The Syrian poet residing in Sweden, Faraj Bayrakdar, has recently released a new collection of poetry entitled “A buttonhole in the question shirt”, published by Sameh Publishing House in Sweden, and it is the ninth of his poetic works.
The publisher stated:
The poems “A buttonhole in the shirt of the question” span over twenty years in which the poet saw what he saw, believed what he was lying, and lied what he believed. Twenty years bells, drums, sirens, wars, massacres, uprisings, bombing, devastation, and migrations also sounded within and around him. And roses, hope, beauty, and the drama of nature that dramatizes mountains, valleys, forests, lakes, islands, horizons, and beyond, of more beautiful possibilities. It is a poetic collection of pain and hope, of sadness, love, reproach and forgiveness, from the ruins of Damascus, Homs, Baghdad and Beirut… And because the poet is the son of the city of Homs and its Orontes River, from which he learned the eloquence of disobedience, their presence and shadows were transmitted in many poems, without closing his eyes on rivers and other cities, nor about the Mediterranean Sea that surrounds Syria, and opens its mouths to their wideness to swallow up thousands upon thousands of Syrians fleeing on its waves from certain death to possible death. All of that and other things that you see on the surface are nothing but the tip of the iceberg of our condition, nothing but a buttonhole in the shirt of the question that our contemporary world does not want to answer, and that is what the poet tries to say in this group.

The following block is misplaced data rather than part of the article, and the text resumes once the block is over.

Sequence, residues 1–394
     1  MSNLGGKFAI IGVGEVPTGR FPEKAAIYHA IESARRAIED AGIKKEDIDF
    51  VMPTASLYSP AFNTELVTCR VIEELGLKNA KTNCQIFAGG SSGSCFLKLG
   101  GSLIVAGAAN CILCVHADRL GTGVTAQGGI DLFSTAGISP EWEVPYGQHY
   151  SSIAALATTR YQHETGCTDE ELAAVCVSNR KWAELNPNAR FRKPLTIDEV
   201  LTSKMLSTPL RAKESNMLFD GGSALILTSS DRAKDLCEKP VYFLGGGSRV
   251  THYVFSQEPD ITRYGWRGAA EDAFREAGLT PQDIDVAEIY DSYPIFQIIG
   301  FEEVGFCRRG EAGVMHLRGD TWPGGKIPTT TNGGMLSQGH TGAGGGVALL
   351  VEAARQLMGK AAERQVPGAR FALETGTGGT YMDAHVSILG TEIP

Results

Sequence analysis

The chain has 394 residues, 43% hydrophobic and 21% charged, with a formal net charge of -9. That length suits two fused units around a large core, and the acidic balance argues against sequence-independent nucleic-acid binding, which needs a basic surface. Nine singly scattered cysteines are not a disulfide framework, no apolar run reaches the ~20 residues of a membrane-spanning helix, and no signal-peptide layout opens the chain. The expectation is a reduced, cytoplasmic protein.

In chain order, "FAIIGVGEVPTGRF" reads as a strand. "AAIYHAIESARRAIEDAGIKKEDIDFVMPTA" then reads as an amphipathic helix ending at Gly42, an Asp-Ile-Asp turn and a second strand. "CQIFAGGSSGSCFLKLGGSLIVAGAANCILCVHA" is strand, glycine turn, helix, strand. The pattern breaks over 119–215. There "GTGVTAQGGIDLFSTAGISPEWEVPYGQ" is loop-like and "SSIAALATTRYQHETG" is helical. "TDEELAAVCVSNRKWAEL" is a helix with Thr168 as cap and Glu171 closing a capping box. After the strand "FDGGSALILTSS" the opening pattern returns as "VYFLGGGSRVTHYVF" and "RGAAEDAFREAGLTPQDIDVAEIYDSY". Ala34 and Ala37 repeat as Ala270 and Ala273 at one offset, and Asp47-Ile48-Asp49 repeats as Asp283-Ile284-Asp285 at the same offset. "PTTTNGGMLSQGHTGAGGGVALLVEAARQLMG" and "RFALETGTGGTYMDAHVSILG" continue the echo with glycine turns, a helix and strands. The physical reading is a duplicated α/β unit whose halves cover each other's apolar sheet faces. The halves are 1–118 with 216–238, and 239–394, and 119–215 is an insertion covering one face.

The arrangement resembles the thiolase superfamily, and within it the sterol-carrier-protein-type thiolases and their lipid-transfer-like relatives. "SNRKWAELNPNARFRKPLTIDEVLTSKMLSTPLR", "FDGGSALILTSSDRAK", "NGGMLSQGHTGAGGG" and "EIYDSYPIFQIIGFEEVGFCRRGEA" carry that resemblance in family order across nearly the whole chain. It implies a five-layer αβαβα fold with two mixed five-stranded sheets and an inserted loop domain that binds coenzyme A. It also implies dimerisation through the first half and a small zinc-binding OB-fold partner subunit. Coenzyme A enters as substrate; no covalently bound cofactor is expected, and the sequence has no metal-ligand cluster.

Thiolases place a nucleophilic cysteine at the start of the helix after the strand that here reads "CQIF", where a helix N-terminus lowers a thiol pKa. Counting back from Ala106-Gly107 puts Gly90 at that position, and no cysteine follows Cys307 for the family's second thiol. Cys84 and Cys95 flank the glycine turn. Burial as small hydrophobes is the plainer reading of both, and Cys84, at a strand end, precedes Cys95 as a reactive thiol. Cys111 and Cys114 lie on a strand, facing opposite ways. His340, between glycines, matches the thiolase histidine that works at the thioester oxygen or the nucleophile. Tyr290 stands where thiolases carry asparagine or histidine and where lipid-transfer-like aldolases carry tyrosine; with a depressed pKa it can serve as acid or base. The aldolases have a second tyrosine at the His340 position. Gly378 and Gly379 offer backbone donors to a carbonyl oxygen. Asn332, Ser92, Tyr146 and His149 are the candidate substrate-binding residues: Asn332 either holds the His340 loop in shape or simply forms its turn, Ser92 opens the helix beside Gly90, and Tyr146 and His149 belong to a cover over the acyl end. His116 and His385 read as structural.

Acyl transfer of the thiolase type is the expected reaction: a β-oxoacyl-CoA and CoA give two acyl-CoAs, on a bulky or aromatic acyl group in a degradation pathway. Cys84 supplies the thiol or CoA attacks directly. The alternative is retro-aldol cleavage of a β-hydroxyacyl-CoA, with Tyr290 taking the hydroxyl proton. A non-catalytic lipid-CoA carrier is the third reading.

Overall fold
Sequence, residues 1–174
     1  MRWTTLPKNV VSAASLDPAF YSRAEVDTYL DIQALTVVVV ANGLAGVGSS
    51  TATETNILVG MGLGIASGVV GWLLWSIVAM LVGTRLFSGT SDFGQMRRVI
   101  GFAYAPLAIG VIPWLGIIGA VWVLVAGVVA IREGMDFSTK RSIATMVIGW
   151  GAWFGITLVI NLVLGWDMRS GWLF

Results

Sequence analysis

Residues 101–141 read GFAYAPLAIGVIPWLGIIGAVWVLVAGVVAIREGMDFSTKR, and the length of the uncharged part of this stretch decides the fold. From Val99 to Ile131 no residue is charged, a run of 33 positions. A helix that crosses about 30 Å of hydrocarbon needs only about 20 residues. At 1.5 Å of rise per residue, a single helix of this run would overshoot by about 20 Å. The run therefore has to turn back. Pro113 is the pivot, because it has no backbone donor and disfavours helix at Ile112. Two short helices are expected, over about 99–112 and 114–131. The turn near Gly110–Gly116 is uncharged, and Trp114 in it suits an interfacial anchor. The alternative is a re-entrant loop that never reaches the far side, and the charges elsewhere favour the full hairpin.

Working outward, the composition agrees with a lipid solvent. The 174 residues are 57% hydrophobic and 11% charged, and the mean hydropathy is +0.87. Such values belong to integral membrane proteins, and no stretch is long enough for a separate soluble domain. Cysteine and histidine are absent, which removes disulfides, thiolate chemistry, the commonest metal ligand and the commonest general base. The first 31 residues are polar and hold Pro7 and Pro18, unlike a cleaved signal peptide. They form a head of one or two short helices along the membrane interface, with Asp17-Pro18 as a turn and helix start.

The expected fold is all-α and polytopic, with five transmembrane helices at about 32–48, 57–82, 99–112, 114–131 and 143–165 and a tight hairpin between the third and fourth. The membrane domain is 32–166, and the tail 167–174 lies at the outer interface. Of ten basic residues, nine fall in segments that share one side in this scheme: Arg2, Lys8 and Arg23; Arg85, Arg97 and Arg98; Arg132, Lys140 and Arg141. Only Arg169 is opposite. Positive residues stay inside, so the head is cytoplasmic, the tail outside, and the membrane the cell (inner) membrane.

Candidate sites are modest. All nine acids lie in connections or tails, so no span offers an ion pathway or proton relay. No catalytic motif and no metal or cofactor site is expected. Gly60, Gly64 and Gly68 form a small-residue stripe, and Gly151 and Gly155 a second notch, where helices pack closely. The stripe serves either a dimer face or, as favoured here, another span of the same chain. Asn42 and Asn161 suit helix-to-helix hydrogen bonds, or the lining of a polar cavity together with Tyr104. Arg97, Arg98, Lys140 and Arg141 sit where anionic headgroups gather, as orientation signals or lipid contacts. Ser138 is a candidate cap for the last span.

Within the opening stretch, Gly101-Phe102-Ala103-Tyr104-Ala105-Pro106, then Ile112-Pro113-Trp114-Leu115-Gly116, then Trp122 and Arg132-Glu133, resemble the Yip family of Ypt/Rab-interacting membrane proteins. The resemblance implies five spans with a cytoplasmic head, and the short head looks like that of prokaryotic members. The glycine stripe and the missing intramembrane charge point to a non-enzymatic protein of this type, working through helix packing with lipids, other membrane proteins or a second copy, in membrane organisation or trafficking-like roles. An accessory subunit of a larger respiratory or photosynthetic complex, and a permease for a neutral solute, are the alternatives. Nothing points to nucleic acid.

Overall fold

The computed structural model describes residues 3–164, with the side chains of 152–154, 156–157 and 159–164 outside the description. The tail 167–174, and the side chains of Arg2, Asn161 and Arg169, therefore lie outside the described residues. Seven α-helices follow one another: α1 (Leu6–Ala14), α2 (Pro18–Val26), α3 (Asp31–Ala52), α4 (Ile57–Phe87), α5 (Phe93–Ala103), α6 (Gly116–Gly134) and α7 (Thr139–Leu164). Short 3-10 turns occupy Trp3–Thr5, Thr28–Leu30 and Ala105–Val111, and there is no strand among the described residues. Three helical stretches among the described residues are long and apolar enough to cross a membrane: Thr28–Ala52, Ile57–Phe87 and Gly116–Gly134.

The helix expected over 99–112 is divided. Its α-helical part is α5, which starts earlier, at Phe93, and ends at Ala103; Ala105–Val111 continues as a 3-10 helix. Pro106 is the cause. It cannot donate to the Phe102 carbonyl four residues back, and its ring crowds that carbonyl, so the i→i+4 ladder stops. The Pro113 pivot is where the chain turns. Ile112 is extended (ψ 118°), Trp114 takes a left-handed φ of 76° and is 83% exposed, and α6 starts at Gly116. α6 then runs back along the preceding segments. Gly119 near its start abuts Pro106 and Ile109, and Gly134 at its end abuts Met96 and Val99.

Faraj Bayrakdar is a Syrian poet and a “Swedish citizen.” He also introduces himself and signs some of his texts. Bayraktar had spent fourteen years in the prisons of the Syrian regime, during the rule of Hafez al-Assad.
From the group atmosphere:
As the brainchild of the seas
are the gulls
But I, my Sahara
And our sand
The summary of passions and religions
I only desire the meaning of the sail
I’ve been rowing in the sand
And maybe I take a minaret from history
stabbed me with it
not to sleep.
A chord on the aches of your soul, stranger
you meant me
I was ashamed of myself
I consoled the gulls
I wished that I
What did you compare to my travels?
Nor were the funerals of fancy
Aleppo and Sham.